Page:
A year ago today was my last day in the hospital. I was packing up the last of my things, trying to make sure my colleagues knew where to find things, and saying goodbyes. We provided transitional care for kids, so many of our patients stayed with us for several weeks. Whenever a patient was discharged, an announcement was made over the paging system and staff and patients would line the hallway to the exit to sing the “goodbye” song. When it was time for me to leave, they sang the goodbye song for me, and I couldn’t help but cry. It was such a nice way to end my time there. It felt special to end the day with a ritual more personal than just walking out the door with boxes.
I’ve reached a new milestone in this journey. It makes me grateful for the time and opportunity I’ve had and the people who have supported me in this endeavor. I’m looking forward to the year ahead. I think that sometimes in my desire to present an honest portrait of child life private practice that I emphasize the challenges. There has been a lot to learn, and I don’t want someone to step into this choice with unrealistic expectations. But, today I want to highlight a few of the things I really enjoy about working in private practice:
1. A flexible schedule: I get to schedule my own time and I can make appointments (both personal and professional) at times that are convenient for me. I can spend time with family during the week.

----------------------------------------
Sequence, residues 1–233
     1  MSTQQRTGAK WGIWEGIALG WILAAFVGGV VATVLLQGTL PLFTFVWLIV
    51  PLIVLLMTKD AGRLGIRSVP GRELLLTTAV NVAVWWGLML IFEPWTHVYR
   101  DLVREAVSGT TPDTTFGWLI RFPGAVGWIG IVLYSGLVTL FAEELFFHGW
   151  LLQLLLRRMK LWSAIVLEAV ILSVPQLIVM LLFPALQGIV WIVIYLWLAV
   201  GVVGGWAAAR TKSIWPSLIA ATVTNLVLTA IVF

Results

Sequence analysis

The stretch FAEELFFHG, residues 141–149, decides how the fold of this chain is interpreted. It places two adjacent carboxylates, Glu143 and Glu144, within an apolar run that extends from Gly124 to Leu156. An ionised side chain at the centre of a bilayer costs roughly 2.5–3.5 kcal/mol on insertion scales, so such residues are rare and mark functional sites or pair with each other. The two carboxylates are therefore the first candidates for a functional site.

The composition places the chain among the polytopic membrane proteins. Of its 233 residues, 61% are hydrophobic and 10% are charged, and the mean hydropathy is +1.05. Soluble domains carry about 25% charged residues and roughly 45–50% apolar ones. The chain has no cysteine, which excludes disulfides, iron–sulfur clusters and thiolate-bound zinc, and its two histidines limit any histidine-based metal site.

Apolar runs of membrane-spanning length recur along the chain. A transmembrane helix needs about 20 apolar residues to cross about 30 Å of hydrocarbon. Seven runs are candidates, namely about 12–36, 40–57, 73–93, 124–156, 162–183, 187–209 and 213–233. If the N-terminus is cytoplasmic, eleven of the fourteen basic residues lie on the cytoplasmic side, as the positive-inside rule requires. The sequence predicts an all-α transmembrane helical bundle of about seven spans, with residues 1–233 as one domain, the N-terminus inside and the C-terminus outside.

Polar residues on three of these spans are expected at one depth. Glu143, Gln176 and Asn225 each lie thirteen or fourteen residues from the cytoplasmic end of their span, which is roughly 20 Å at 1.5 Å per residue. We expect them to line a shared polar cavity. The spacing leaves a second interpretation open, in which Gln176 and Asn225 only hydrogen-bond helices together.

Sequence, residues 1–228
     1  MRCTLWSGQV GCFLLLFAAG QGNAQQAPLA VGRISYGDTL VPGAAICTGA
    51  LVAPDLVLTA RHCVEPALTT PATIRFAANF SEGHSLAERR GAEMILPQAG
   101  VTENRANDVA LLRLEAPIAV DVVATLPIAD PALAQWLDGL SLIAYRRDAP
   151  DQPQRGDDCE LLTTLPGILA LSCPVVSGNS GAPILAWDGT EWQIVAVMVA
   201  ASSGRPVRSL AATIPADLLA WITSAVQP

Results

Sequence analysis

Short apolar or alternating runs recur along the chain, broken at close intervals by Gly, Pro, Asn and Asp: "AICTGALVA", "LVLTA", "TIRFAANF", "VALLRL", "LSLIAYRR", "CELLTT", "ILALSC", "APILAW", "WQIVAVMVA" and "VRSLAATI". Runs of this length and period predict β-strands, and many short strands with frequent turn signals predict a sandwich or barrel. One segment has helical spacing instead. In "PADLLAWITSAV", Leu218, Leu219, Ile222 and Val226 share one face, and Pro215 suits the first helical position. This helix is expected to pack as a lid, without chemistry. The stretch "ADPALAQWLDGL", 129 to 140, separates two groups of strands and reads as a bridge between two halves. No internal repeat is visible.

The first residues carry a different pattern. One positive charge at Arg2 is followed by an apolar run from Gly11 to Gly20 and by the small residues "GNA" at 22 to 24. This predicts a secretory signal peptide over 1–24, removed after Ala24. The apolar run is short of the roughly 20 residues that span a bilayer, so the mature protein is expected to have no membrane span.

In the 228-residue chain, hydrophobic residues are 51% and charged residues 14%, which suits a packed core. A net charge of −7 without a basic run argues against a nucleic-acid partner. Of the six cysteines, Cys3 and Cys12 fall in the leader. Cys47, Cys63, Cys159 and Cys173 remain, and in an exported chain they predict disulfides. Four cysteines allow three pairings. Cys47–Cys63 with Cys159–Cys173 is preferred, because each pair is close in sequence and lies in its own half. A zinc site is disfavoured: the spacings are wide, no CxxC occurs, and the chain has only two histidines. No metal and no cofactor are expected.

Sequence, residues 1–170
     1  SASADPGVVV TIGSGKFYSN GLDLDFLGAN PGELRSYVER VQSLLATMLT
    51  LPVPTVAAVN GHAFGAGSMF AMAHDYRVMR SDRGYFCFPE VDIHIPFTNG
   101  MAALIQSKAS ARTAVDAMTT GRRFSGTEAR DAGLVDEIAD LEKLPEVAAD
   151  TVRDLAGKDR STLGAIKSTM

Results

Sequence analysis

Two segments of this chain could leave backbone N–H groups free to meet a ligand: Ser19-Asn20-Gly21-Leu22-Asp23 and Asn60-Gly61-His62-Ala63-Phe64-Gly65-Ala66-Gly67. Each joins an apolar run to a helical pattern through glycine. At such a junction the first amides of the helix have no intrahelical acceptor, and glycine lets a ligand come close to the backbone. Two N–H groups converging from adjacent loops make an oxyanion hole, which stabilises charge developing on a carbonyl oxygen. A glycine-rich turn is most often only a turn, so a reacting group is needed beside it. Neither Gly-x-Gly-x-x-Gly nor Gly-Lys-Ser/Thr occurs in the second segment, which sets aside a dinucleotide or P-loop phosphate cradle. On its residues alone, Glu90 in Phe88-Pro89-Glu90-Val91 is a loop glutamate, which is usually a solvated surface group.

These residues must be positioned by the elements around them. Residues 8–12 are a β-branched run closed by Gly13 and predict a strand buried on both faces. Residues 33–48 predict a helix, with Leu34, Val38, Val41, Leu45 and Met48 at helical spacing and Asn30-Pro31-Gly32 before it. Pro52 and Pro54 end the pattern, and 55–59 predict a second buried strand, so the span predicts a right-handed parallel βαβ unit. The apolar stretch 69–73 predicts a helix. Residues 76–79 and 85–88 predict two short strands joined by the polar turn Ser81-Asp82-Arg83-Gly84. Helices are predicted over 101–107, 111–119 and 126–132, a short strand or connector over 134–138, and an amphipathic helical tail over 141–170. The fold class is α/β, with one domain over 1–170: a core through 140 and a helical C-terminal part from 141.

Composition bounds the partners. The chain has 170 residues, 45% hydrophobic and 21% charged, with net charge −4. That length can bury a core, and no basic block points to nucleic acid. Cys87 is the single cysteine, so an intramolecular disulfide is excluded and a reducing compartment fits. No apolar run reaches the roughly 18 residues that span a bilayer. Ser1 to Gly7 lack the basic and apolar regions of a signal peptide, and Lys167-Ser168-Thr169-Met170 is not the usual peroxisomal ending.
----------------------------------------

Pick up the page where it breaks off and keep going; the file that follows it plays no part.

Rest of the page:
2. Depth of engagement: If I’m putting together materials for a parent talk or working with a client, I can spend as much time as I want to research and prepare. I recently researched resources for preparing children for a new baby. I was able to go to the central library and spend several hours reading children’s books and creating an annotated bibliography.
3. Continuing education: This goes hand-in-hand with depth of engagement. I can attend local talks, workshops, and other activities that happen in my area as my schedule (and budget!) allows.
4. Diversity of projects: I can work on this blog, meet with individual clients, teach classes, talk to parent groups and lots of different things in between. Child life is diverse in any setting, but it is fun to explore new territory. I enjoy the challenge of adapting my child life skills/training to the home and community setting.
5. Self-care– I’m able to pursue interests and engage in activities that I enjoy and that make me feel centered and connected. I’m still working to develop more “rhythm” to my weeks and my self-care practices. But, I love that I have the choice to read/exercise, take a walk, visit a museum, or work on craft projects when I need to take time for myself.